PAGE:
Nor has Gomes been bothered by the fact that he does not fit the popular image of West Indian batsmanship, founded on the dashing strokeplay and power of the likes of George Headley, the three Ws, Kanhai, Sobers and the modern greats, with whom he has played so frequently, Richards, Greenidge and Lloyd. Gomes is a West Indian rarity, a batsman who almost never hooks and one who had never hit a six in the 60 Test innings he had played by the end of the summer of 1984. Perhaps it is his unobtrusive method which has caused him to be underestimated. Throughout his career, selectors of one kind or another have treated him erratically.
Performances with the West Indies’ youth team in England in 1970 attracted interest and earned him a contract with Middlesex in 1972. Gomes spent four seasons with them, making a useful, rather than memorable, contribution. Then, during the 1976 West Indians’ tour of England, on which he made his Test debut and enjoyed an outstanding summer, he was discarded by Middlesex, to make way for a fast bowler, Wayne Daniel, as their overseas signing.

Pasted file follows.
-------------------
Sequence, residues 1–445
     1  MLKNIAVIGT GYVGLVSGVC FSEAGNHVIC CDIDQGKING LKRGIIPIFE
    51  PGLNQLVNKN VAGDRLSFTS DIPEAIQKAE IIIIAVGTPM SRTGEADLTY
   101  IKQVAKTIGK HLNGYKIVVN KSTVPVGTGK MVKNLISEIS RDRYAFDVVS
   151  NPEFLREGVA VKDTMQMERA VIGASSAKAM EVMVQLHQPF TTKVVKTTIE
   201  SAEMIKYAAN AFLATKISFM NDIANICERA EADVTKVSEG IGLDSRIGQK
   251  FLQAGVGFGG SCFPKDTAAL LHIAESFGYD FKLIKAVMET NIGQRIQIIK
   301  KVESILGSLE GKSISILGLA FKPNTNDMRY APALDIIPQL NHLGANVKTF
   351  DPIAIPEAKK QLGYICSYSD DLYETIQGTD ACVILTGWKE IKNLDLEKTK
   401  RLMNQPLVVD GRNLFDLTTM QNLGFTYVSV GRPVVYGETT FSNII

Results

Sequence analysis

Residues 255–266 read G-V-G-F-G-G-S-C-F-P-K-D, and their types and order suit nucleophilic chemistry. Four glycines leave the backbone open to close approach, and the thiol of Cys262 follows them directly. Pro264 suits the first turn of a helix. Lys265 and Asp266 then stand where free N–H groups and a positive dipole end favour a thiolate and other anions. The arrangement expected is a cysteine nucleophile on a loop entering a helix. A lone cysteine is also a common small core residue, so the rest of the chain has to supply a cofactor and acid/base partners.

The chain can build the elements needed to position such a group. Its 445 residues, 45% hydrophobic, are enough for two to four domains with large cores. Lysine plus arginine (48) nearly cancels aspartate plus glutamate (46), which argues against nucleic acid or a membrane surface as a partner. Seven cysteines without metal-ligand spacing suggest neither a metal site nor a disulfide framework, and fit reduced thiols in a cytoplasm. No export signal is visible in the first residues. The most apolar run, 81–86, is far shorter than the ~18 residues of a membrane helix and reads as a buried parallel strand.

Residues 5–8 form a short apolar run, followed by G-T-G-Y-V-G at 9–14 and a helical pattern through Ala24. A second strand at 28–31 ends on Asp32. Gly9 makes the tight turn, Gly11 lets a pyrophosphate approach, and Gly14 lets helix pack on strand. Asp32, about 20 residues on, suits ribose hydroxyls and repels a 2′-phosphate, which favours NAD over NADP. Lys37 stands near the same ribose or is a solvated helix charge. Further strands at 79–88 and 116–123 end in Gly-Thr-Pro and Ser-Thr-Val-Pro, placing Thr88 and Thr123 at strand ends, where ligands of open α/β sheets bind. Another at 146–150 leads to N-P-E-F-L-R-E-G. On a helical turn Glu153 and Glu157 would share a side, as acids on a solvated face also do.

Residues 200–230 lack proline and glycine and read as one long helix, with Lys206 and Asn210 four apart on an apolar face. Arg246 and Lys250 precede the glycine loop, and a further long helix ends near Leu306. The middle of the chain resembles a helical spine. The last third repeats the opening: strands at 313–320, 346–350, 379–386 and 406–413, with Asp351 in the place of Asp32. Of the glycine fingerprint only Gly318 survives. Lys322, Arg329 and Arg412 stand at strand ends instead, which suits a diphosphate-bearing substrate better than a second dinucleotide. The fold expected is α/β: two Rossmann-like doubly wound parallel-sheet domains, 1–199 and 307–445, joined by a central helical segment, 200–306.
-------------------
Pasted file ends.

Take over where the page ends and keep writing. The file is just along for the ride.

After that initial series, in which he played two Tests, Gomes had to wait until the controversy caused by the formation of World Series Cricket before regaining his place. West Indies’ team was decimated. Several new players had to be brought in and Gomes was one of the few experienced batsmen available. He responded with two excellent centuries in his three Tests against Australia in the Caribbean in 1977/78 and followed those, at the end of 1978, with a succession of valuable inning in India, where he averaged over 40 in the Tests.
It was to prove a frustrating interlude, for when World Series Cricket disbanded, freeing the leading West Indian players for Test duty once more, Gomes was relegated to the reserves and even omitted entirely from the 1980 team to England, although he was consistently one of the leading Shell Shield batsmen in a weak Trinidad & Tobago team.